Islamabad: Pulling out of a trilateral meeting with Afghanistan and America scheduled for later this month, Pakistan on Friday summoned the US Ambassador to lodge a strong protest against a drone attack in the country's tribal belt that killed 44 people.

US Ambassador Cameron Munter was summoned by Foreign Secretary Salman Bashir "in pursuance of the directives of Prime Minister Yousuf Raza Gilani" and a "strong protest was made" regarding Thursday’s drone strikes "that caused many casualties," Foreign Office spokesperson Tehmina Janjua said.

Munter was informed that "under the current circumstances, Pakistan would not be able to participate in the trilateral meeting between Afghanistan-Pakistan-US, proposed by the US, in Brussels on March 26," Janjua said.

Minister of State for Foreign Affairs Hina Rabbani Khar was earlier expected to participate in the meeting.

Bashir told the US envoy that such drone strikes were "unacceptable" and constituted "a flagrant violation of humanitarian norms and law."

A strongly worded statement issued by the Foreign Office said Munter was told that it "was evident that the fundamentals of our relations need to be revisited."

"Pakistan should not be taken for granted nor treated as a client state. It was for the White House and the State Department to hold back those who have been trying to veer Pakistan-US relationship away from the track," the statement said.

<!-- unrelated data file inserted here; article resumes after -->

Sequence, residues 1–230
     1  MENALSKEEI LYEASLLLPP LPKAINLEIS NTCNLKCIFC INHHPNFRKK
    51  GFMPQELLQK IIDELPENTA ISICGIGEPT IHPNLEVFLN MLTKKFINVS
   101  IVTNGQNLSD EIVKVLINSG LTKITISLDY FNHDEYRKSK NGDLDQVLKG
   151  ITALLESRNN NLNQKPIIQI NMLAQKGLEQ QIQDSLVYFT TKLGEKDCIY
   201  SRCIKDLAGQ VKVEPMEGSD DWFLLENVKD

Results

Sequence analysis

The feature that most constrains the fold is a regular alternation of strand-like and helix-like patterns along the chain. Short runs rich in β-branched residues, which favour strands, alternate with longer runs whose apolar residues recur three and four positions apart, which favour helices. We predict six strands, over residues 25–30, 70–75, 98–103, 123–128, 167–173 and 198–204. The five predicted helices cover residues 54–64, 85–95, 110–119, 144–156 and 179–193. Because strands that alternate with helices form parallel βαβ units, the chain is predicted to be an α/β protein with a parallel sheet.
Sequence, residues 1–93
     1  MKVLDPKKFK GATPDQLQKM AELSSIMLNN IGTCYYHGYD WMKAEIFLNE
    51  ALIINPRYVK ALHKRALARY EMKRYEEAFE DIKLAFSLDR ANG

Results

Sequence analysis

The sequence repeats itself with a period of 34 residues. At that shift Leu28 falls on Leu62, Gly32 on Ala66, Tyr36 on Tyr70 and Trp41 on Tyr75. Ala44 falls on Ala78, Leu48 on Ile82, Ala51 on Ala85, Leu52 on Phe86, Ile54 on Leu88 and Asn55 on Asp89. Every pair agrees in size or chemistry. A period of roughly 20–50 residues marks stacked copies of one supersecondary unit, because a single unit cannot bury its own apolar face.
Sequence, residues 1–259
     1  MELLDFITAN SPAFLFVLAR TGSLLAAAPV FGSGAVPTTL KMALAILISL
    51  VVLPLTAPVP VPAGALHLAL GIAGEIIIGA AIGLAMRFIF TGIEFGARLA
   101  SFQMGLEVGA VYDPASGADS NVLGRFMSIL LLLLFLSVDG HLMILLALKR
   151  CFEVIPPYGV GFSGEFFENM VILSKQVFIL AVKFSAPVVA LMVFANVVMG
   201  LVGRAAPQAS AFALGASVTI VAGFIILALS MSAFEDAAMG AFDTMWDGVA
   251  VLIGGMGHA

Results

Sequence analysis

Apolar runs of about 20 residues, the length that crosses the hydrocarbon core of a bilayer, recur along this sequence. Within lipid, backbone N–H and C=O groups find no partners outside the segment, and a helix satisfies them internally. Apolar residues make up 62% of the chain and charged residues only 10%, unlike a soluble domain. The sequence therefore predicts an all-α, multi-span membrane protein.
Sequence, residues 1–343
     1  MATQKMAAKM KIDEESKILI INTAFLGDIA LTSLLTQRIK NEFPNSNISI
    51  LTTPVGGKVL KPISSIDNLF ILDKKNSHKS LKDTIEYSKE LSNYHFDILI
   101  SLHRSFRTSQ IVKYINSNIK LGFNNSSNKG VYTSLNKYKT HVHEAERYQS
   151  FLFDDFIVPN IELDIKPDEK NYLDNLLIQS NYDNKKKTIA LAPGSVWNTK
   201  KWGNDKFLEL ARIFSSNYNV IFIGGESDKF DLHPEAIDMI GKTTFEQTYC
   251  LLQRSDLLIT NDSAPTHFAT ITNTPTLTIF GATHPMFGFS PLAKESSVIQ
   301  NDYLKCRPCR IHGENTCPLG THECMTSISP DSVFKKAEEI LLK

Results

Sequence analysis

It quoted Munter as saying that he "understood clearly that this was not a proforma demarche."

He said he would "rush to Washington to convey Pakistan's message to the US administration at the highest levels."

The latest diplomatic row between Pakistan and the US came barely two days after the resolution of a spat over suspected CIA contractor Raymond Davis, who was arrested in Lahore on January 27 after he shot and killed two Pakistani men.

Pakistan's refusal to free Davis on grounds of diplomatic immunity had taken bilateral ties to a new low.

A Pakistani court pardoned and freed Davis on Wednesday after over two million dollars were paid as "blood money" to the families of the two men he had killed.

Just a day after his release, US drones targeted what Pakistani officials said was a tribal jirga in Datta Khel area of the volatile North Waziristan tribal region.

Forty-four people were killed in the attacks, a majority of them members of a tribal council and personnel from a government militia force.

Media reports said some of those killed in the attacks were Taliban militants or had links to the Taliban.

Pakistan had earlier demanded an "apology and explanation" from the US for the drone strikes, which were condemned by President Asif Ali Zardari, Prime Minister Gilani and army chief Ashfaq Parvez Kayani.

Kayani, in a strongly worded statement, said: "It is highly regrettable that a jirga of peaceful citizens, including elders of the area, was carelessly and callously targeted with complete disregard to human life."

(Agencies)